At the 40km mark, the gap had gone out to 3.00 and it was Markus Eibegger’s Felbermayr team that took control. They kept the situation in check while the escapees battled for the first KOM points. Kuen beat Tolhoek and Krizek in the first sprint while the peloton reached the top a couple of minutes later.

 

Felbermay got some welcome assistance from Brendan Canty’s Drapac team but it was when Astana replaced the Australians the pace really increased. Nonetheless, the gap was still 3.30 at the 80km mark and as the escapes reacted well it was 3.00 fifteen kilometres later.

 

Krizek beat Tonelli and Tolhoek in the first intermediate sprint while they worked well together to maintain a 3-minute advantage. In the second sprint, the Austrian was again the fastest, holding off Tolhoek and Tonelli.

 

Knowing that his mountains jersey was in danger, Alessandro Vanotti (Astana) attacked from the peloton and while he started to close the gap, Kuen beat Hupond and Krizek in the second KOM sprint. Astana stopped their work in the peloton and so the gap went out to four minutes, with Felbermayr riding on the front.

 

Vanotti got to within 55 seconds of the leaders but then he started to lose ground. Meanwhile, Krizek beat Tonelli and Hupond in the final intermediate sprint with 25km to go.

 

As the fight for position for the final climb started, the gap came down and it was Gazprom-Rusvelo that took the initiative. They hit the climb 3.15 behind the leaders, with Vanotti sitting 1.25 behind the front group.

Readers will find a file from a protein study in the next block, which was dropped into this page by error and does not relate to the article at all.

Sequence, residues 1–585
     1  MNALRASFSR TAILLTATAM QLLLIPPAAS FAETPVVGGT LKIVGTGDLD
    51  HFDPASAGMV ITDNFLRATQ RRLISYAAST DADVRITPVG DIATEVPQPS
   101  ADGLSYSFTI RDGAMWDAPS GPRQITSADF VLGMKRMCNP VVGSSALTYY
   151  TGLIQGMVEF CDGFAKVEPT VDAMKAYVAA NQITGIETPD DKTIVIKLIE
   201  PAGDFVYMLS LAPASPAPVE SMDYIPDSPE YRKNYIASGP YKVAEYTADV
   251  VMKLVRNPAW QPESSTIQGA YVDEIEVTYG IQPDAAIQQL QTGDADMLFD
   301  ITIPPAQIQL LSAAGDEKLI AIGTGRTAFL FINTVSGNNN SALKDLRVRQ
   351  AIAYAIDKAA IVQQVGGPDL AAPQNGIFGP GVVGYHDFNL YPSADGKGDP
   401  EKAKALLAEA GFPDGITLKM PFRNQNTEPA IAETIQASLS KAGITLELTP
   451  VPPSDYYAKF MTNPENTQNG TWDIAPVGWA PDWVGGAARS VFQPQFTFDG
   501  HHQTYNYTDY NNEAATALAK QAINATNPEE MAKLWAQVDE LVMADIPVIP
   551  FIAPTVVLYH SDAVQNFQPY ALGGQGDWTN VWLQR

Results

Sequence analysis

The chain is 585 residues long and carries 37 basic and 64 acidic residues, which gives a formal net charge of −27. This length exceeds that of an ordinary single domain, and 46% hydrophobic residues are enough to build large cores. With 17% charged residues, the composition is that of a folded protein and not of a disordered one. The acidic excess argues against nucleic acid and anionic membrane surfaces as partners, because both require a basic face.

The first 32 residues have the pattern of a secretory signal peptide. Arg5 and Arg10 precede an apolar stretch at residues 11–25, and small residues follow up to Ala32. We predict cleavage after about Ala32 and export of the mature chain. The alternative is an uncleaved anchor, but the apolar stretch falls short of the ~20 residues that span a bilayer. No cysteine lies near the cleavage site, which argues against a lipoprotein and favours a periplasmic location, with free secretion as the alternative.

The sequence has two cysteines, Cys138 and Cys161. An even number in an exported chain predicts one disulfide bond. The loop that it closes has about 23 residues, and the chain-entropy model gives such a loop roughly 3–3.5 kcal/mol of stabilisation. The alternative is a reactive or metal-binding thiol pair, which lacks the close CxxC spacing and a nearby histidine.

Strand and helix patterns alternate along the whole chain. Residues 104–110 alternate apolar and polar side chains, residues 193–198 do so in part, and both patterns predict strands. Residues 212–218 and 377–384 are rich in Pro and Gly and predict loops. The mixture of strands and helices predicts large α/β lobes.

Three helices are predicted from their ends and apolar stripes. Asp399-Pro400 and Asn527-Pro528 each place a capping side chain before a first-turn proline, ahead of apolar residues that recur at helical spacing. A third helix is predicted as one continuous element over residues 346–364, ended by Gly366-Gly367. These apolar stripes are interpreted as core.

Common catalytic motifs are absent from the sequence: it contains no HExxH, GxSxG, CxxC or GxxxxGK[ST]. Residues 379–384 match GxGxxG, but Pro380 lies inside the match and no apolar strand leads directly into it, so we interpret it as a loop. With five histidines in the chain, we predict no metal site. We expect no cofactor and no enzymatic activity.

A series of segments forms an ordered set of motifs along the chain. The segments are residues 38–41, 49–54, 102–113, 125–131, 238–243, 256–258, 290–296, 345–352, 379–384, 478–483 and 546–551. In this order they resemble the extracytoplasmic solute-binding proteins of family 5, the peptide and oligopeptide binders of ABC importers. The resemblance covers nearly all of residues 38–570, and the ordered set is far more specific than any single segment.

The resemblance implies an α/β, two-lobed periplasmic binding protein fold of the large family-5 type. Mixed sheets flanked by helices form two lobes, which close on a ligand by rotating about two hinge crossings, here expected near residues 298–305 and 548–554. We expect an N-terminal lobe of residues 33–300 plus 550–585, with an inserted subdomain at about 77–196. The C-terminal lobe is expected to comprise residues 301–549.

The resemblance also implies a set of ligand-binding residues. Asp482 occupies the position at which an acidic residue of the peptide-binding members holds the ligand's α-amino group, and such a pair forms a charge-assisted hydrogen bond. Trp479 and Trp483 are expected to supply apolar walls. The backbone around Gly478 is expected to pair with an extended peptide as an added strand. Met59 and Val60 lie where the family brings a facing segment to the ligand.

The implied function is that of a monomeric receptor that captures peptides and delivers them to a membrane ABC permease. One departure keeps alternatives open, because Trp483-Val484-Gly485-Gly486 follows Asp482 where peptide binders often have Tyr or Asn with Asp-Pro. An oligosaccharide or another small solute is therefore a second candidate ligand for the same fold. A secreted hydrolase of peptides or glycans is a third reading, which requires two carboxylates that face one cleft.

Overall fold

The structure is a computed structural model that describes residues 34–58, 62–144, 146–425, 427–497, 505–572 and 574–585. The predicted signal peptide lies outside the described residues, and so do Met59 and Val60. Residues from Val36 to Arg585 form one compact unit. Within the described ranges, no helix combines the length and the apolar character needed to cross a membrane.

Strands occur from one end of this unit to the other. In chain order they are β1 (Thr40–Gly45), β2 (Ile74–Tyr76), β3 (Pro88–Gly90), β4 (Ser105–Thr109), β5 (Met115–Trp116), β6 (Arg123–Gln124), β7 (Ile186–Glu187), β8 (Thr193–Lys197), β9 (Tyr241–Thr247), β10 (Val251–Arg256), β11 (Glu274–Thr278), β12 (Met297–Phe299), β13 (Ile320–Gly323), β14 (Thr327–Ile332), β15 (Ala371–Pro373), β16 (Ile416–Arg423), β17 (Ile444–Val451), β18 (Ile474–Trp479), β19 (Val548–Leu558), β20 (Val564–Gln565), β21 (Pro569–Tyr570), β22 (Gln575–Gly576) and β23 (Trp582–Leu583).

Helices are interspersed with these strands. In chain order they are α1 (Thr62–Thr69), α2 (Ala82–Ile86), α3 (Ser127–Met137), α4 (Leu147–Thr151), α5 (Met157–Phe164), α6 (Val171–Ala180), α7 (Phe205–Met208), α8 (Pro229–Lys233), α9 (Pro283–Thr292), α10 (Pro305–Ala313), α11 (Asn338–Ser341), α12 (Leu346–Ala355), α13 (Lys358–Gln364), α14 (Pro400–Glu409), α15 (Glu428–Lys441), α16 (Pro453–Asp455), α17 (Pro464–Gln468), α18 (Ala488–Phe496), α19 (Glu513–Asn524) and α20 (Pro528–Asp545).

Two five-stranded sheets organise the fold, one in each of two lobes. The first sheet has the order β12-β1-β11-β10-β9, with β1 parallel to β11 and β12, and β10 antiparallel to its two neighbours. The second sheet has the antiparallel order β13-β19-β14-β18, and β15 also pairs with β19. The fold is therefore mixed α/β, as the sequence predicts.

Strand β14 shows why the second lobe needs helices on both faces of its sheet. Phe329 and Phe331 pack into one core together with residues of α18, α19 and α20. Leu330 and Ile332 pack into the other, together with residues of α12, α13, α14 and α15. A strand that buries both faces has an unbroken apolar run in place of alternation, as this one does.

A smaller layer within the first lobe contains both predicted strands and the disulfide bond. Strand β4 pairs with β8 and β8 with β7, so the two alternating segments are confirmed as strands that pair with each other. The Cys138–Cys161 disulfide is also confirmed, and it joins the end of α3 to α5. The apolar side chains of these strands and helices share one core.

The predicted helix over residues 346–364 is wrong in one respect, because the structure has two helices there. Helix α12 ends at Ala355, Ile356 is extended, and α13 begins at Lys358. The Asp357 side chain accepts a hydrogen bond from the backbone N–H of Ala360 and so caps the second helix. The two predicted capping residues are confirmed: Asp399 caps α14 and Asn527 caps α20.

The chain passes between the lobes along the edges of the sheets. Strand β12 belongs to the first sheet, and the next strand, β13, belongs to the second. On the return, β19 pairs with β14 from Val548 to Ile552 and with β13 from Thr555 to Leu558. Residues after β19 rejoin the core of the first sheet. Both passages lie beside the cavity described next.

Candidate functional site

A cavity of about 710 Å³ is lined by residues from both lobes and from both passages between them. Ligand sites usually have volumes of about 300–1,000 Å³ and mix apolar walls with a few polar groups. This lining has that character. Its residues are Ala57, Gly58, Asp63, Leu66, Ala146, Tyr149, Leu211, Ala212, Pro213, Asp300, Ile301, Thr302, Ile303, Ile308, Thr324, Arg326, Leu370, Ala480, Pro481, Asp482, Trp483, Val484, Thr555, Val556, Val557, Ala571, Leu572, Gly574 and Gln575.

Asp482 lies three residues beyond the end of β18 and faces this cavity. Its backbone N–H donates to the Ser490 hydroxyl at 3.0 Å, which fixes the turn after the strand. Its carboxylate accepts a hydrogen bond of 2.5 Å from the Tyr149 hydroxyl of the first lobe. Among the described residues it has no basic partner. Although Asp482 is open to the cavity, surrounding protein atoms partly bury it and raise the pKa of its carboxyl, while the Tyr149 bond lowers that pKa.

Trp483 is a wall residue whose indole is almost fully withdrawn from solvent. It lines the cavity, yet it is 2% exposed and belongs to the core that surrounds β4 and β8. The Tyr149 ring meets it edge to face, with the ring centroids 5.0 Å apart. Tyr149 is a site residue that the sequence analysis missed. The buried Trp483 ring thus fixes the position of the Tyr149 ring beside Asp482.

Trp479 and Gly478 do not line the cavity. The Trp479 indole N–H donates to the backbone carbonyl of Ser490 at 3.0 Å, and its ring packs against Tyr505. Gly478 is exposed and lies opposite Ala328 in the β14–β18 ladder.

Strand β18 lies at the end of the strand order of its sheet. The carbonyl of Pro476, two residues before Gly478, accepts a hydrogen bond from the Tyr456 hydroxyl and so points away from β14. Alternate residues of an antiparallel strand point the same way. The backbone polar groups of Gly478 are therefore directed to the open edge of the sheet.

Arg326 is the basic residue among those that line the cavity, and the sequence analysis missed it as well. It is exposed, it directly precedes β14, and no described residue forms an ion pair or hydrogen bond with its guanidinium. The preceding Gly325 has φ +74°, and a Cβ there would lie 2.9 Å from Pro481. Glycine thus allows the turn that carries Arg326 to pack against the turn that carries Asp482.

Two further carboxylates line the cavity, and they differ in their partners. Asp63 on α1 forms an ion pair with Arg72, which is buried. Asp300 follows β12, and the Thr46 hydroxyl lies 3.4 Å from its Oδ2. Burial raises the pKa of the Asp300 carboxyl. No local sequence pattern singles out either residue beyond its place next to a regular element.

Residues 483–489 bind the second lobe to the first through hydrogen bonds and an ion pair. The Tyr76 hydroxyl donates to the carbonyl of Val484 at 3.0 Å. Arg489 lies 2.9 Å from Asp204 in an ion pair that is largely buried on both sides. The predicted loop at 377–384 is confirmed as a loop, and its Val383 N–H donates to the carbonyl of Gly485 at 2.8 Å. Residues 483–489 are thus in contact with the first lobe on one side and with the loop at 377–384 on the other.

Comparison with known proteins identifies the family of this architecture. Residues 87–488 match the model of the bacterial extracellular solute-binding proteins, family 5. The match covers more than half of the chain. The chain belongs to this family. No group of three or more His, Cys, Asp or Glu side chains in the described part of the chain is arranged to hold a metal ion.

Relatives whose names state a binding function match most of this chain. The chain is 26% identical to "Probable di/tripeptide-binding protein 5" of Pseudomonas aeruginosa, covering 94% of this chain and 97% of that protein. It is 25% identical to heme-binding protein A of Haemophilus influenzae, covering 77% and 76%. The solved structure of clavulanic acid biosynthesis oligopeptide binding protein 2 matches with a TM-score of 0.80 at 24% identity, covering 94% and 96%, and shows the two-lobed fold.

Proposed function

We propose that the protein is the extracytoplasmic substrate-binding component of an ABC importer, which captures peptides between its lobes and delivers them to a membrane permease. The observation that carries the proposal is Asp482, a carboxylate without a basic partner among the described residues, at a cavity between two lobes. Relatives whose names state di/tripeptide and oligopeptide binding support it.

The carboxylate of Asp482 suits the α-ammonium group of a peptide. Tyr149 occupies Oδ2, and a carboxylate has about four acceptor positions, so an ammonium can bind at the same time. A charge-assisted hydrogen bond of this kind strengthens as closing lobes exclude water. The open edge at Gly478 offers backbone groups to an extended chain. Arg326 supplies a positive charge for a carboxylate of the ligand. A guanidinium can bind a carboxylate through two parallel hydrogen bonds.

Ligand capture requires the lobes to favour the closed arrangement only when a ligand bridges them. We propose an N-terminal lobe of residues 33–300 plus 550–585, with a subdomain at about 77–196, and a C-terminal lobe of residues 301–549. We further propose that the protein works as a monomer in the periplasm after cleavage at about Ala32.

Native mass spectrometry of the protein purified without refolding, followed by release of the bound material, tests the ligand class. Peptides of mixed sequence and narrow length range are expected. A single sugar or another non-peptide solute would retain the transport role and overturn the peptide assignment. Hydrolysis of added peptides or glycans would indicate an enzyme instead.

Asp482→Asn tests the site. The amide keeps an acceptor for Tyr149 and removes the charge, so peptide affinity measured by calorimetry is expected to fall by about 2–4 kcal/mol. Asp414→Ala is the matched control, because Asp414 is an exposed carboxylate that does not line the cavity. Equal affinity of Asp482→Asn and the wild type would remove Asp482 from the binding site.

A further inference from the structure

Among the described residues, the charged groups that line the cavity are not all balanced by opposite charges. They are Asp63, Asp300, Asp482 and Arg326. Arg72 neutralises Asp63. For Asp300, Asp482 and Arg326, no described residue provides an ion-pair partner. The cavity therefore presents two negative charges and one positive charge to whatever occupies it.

The front group split up and Tolhoek and Tonelli emerged as the strongest, quickly putting 30 seconds into Krizek who was the nearest chaser. In the peloton, Zylwester Szmyd (CCC) did a lot of damage, whittling the group down to just 22 riders and bringing Kuen and Hupond back. When Leszek Plucinski lent his teammate a hand, race leader Eibegger was clearly suffering.

 

With a little more than 8km to go, yesterday’s winner Canty had to surrender and it was still Szmyd and Plucinski riding on the front. They brought the front duo back and then Hirt made his first attack but he failed to get clear.

 

Hirt briefly let Wanty set the pace and then he hit the front himself. Moments later, he made his next attack and he got an immediate gap while David Belda, Guillaume Martin and Stephane Rossetto (Cofidis) gave chase.

 

Belda made it across to Hirt while Martin dangled a few metres behind. As they passed the 3km to go mark, Belda attacked but he failed to get rid of Hirt. Instead, the Czech rider dropped his rival with 1km to go and then increased his advantage rapidly. He reached the finish with a gap of 42 seconds to the Spanish veteran while Martin was 1.18 behind in third.

 

Race leader Eibegger could only manage 15th and so Hirt moved into the race lead with an advantage of 1.17 over Martin. Patrick Schelling (Vorarlberg) is 1.29 behind in third.

 

However, he will have no time to enjoy his lead as he faces the second big mountaintop finish on stage 5. The 147.3km between Millstatt and Dobratsch are actually some of the easiest of the entire race as they are almost completely flat. However, the stage still has 2286m of climbing and they almost all come in the end. The stage ends at the top of the category 1 Dobratsch climb which averages 5.7% over 21km. One shouldn’t be fooled by the numbers as the first part is pretty easy while there are several double-digit gradient sections in the second half.